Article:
A machine capable of shredding trees, lumber and even concrete was demonstrated for Kenai Peninsula Borough waste management officials earlier this month at the Homer Baling Facility.
The device could significantly reduce the use of space at borough landfills, said its owner, Homer entrepreneur Gary Catlett, owner of Mobile Equipment Services. That fact wasn't lost on landfill operators in Homer.
"I'm going to recommend it," said Jim Norcross, supervisor at the Homer facility. Norcross said debris removed from construction sites, material from demolished old buildings and the remains of structure fires end up as jumbled piles in landfills. The machine demonstrated it could reduce the volume of such piles by 30 to 50 percent, he said.
"The space-saving ability is phenomenal. It could help extend the life of the landfill," Norcross said.
Catlett purchased the recycling machine used in Dallas, believing it could be useful in grinding up beetle-killed spruce being cleared around the borough. It was obvious, he said: The same principal -- reducing volume -- could be applied to piles of waste taking up acres at landfills.
Catlett noted that bulldozers used at the landfills don't compress old building materials anywhere near as well as the 47-foot-long grinding machine.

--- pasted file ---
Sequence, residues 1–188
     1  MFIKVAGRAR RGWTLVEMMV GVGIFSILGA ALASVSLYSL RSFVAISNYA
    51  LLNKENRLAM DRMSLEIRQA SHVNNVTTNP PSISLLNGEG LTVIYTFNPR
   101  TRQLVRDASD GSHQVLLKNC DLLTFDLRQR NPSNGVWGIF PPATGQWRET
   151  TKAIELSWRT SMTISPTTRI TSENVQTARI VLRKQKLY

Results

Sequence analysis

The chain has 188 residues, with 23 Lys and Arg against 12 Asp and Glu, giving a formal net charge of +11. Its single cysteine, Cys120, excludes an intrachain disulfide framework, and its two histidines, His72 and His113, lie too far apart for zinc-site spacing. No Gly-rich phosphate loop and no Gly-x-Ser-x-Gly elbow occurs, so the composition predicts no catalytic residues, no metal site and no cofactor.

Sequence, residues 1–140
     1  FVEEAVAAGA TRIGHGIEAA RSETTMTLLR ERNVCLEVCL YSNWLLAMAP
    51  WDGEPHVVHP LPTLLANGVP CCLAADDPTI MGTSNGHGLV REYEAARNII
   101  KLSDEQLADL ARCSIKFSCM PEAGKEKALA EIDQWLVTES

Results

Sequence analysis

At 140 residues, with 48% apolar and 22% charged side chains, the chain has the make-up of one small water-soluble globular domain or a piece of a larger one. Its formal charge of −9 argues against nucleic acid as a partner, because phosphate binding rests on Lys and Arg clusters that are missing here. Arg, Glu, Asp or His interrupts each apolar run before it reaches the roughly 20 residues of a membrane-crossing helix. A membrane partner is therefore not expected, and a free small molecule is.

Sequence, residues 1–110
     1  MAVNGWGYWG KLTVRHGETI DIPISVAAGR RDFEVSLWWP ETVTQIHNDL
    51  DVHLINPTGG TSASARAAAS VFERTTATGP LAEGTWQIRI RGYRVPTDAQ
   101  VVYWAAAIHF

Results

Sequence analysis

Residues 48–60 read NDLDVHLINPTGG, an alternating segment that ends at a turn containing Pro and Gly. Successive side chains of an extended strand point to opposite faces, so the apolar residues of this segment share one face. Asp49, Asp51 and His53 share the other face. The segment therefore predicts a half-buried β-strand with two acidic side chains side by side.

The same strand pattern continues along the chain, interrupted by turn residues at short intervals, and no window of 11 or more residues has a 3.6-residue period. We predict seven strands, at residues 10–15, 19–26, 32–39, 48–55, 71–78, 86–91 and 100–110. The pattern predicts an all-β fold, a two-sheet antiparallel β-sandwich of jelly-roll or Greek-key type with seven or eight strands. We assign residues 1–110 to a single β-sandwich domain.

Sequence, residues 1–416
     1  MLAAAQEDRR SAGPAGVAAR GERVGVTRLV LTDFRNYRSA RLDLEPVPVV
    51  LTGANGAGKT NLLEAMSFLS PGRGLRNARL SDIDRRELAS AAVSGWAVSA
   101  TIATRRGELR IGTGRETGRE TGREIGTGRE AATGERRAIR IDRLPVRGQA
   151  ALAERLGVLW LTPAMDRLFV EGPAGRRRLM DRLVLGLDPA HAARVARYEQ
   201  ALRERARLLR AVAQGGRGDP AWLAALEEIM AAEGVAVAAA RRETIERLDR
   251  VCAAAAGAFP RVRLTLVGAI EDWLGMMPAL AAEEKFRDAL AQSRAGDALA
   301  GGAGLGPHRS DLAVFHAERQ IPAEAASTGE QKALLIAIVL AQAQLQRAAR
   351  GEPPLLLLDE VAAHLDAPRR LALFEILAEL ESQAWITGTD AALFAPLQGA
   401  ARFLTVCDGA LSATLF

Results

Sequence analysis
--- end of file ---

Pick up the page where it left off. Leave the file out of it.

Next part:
"We're losing valuable space," he said. "And there's too much air space. The material is not decomposing as fast as we want."
The machine consists of a "knuckleboom loader," hydraulic arm with a claw on its end, which lifts lumber, stumps and limbs and deposits that material in a hopper where a ram plate presses it into the maw of a spinning grinder that shreds the wood into mulch. A conveyor dumps the mulch on a pile for later disposal.
"It consumes a couple of hundred cubic yards of material an hour," Catlett said. "How much depends on the material."
Catlett said what's left is like a kind of organic gravel, easily buried or spread by dozers.
Norcross said the baling facility wants to try using the shredded material on facility dirt roads, which become muddy bogs during breakup and rainy periods. If the shredded wood binds well with mud, it may make for stronger road surfaces that are cheaper to maintain than hauling in gravel, he said.
CMI Corp., an Oklahoma firm that builds recycling and compacting machinery and develops solutions to environmental cleanup problems, builds the Maxigrind line of compactors. Rexworks, a Milwaukee company acquired by CMI several years ago, built Catlett's used model. CMI has marketed heavy machinery since 1964.
Lanie Hughes, environmental coordinator for the borough, said the borough has expressed some interest in the machine, but no deal to purchase or lease such a device is in the works at this time.
The machines are in use in Ketchikan and Sitka and are common Outside, Catlett said.
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